Mediation refers to the process in which a trained, impartial individual, referred to as a mediator, helps individuals communicate with each other, better understand each other, and potentially come to an agreement. However, many people wonder if they are required to go through mediation in Maryland. To help you understand the answer to this question, in the below post, we will review in detail the mediation process and provide you with Maryland’s laws regarding mediation.  

mediation in maryland

The Mediation Process

In Maryland, mediation is a voluntary process. In a mediation, if the individuals participating cannot come to an agreement, they will not be forced to come up with a solution. Mediation agreements are only complete when the parties in the mediation are satisfied with the outcome and will sign the final agreement. 

In addition, while a Maryland court may order individuals to attend a mediation, the court cannot force parties to come to an agreement. Consequently, if the participants in a court-ordered mediation during pending litigation cannot reach an agreement, then said parties will proceed with their case through litigation. More importantly, mediation is confidential, which means that neither the mediator nor the parties can testify about the communications that occurred during the mediation process. Mediators must keep the information and details of the mediation confidential.

Mandatory and Voluntary Mediation

When in litigation, unless there are domestic violence issues, some Courts will require the parties to participate in mediation in order  to provide an opportunity for the parties involved to contemplate a settlement at an earlier stage in the dispute resolution process. This ultimately saves the participants both time and money. In addition, mandated mediation enables both parties to reach a resolution that is mutually beneficial, rather than engaging in the litigation process where typically only one party emerges as the winner.

However, at any time before, during, or after litigation, the parties can participate in private mediation with a mutually-agreed-upon mediator.  

The Confidentiality of Mediation

The mediator and all the participating parties of a mediation must maintain the confidentiality of the communications that happened during the mediation. This rule exists to create a safe space for participants to freely discuss the issues and work towards solutions without fear of their words being used against them.

However, it should be noted that not all the information discussed in the mediation will be protected solely because it was mentioned during a mediation. Any details, information, or facts subject to discovery will not fall under the protection of confidential mediation communications.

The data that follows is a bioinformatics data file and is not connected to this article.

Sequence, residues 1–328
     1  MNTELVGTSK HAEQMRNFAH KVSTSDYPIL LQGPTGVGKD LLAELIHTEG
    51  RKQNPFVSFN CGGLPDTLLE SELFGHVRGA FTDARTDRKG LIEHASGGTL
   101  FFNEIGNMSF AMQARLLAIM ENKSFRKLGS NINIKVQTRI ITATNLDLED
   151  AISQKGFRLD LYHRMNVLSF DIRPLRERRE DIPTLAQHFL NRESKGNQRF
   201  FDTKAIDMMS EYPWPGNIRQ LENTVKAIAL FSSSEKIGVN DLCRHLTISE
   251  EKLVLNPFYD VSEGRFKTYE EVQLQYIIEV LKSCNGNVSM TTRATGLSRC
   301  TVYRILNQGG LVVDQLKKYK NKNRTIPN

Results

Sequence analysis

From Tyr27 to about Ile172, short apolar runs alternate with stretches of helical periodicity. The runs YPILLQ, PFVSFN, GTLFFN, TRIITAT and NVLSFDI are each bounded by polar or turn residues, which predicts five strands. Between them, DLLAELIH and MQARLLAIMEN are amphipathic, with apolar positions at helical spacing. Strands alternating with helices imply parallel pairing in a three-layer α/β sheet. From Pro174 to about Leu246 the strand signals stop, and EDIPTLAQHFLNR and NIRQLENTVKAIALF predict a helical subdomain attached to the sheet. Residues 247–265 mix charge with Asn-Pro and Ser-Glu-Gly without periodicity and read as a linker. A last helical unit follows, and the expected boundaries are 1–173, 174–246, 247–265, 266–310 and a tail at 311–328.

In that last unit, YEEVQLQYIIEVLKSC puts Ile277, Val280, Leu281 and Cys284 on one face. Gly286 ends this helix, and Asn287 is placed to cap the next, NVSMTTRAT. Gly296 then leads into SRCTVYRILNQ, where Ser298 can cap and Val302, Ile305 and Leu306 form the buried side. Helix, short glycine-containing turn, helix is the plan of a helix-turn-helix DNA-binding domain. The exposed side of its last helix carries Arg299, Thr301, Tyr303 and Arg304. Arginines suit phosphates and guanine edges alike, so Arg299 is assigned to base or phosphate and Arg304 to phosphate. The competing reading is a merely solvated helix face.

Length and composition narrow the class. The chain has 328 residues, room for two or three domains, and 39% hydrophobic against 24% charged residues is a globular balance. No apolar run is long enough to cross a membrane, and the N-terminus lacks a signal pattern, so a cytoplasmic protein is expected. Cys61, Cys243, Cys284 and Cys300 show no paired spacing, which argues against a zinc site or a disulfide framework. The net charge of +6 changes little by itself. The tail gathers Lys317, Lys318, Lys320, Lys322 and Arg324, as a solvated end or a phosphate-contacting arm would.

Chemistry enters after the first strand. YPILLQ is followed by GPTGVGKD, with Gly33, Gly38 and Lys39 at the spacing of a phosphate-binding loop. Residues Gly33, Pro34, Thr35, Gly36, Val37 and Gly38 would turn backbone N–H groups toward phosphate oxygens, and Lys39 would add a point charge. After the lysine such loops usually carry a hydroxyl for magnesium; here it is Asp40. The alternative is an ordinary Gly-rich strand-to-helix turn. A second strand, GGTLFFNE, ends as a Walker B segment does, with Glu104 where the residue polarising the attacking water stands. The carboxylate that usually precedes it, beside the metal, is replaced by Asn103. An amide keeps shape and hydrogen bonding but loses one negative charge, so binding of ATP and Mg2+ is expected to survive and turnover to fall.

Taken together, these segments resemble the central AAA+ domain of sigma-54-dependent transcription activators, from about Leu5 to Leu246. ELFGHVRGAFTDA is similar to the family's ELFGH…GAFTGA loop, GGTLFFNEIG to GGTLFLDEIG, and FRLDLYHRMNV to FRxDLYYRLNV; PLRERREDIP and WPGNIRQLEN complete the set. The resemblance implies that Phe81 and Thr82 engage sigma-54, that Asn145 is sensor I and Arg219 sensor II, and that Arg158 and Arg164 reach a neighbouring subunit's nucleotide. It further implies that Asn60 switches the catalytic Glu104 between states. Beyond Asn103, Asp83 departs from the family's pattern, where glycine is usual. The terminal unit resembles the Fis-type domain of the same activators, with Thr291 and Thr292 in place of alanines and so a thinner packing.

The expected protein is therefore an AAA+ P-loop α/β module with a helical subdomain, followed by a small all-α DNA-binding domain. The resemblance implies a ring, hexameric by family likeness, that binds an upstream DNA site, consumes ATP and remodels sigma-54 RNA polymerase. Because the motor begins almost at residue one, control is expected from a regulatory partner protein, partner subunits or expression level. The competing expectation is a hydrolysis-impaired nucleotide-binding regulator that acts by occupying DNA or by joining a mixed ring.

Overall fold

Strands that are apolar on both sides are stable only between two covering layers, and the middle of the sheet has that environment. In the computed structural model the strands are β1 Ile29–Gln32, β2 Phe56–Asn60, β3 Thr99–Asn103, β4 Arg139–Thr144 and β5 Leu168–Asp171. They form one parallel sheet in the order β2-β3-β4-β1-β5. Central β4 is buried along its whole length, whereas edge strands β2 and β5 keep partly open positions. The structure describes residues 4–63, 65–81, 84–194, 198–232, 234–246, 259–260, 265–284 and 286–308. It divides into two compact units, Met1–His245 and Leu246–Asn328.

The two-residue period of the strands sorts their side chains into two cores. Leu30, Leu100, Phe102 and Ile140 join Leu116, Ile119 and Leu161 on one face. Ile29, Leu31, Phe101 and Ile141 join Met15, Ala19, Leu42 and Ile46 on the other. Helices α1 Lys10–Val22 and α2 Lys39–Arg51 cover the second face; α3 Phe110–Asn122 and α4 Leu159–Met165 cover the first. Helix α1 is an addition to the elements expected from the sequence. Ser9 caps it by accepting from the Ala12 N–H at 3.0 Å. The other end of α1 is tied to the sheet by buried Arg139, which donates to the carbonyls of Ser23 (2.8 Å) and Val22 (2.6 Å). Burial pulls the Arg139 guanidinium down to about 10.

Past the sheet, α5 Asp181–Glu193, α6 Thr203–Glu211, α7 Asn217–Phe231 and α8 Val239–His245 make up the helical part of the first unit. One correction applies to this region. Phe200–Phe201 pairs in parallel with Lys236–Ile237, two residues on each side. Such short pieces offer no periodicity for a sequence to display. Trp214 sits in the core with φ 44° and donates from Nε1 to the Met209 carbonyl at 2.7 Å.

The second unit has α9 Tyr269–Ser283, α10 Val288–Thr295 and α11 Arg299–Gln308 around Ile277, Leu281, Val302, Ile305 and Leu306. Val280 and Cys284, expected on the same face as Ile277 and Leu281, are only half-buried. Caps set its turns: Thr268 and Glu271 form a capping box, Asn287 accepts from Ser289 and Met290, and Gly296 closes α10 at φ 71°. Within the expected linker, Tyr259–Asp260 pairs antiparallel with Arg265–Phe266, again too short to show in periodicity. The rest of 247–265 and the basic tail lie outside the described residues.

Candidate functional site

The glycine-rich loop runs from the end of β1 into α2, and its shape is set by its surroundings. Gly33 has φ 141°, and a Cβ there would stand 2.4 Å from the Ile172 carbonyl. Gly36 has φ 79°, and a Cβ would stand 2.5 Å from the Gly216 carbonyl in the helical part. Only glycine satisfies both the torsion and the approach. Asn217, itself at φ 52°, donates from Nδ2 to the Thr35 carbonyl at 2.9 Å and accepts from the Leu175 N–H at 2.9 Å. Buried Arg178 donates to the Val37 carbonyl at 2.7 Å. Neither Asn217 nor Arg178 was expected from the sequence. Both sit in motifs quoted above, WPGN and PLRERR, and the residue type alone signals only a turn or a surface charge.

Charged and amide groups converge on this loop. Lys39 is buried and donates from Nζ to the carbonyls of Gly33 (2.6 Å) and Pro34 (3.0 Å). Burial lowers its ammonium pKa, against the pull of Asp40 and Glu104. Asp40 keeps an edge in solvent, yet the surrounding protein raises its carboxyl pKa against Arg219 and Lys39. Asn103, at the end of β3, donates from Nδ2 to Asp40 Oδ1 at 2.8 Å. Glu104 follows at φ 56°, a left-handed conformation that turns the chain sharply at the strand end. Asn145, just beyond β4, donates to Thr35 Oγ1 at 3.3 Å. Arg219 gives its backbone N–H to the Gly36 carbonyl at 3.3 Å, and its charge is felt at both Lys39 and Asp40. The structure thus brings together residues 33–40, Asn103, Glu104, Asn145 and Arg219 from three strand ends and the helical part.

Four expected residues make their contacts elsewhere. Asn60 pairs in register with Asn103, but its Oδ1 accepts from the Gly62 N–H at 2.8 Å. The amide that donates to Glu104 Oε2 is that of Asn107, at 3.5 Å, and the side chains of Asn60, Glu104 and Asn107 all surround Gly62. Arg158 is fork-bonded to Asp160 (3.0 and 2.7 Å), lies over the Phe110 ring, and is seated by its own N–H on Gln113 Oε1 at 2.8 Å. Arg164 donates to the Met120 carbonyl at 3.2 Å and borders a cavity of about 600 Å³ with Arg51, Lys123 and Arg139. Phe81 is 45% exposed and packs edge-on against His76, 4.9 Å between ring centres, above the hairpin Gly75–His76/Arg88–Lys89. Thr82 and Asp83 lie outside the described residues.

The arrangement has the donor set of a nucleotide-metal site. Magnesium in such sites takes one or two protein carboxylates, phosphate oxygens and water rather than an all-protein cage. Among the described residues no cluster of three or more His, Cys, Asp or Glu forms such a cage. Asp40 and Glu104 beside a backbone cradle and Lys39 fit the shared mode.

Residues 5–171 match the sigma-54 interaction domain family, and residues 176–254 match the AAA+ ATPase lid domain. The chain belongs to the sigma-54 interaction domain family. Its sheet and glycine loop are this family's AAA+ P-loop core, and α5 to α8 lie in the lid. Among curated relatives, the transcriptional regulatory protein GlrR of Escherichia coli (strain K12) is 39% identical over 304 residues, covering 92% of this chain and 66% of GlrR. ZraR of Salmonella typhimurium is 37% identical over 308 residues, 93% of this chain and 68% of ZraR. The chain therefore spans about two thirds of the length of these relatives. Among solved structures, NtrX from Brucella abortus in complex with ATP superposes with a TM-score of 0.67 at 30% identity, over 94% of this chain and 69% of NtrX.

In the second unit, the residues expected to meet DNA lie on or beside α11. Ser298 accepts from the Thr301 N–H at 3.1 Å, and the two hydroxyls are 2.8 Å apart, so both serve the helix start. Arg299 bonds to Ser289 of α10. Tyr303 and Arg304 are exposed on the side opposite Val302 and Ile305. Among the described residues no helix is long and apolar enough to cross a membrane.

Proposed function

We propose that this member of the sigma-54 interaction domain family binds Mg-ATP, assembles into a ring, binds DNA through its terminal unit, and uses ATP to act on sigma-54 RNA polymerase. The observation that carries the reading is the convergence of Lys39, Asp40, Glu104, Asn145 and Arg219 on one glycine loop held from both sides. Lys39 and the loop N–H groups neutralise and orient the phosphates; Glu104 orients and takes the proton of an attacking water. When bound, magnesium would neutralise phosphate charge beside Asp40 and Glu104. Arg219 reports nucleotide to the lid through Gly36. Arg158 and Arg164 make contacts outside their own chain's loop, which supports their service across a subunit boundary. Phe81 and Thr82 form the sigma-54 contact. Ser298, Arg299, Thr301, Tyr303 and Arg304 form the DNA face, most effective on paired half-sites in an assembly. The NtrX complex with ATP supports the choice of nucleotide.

Should You Consider Mediation?

Mediation is often known as a cost-effective alternative to litigation. In mediation, the details of the case will not become public record, which makes it easier for participants to manage the disclosure of confidential financial information and the underlying cause of a dispute. Mediation also allows participants to take control of the outcome in the case, which can be beneficial for all those involved.

How Can Rice Law Help With Your Mediation Needs?

At Rice Law, we know the strain that can result from family disagreements. While litigation is an option to resolve these issues, the process can be time-consuming, expensive, and cause many more problems down the road. However, mediation may be another option for those dealing with family law issues.  Our skilled mediators are dedicated to promoting open communication and helping clients find mutually beneficial solutions that can provide them with the following benefits: timely resolutions, confidentiality, cost-effectiveness, and the ability to control the process.

If you are considering mediation for a family law matter, our mediators can help you to find common ground on issues related to:

  • Child Custody
  • Child Support
  • Divorce Settlements
  • Prenuptial Agreements

Contact Rice Law Today

To learn more about the mediation process or how our legal team can assist you, contact Rice Law today. 

Blogs published by Rice Law are available for informational purposes only and are not considered legal advice on any subject matter. The reader understands that by viewing blog posts no attorney-client relationship is created between the reader and the blog publisher, Rice Law. The blog should not be used as a substitute for legal advice from a licensed professional attorney, and readers are urged to consult their own legal counsel on any specific legal questions concerning a specific situation.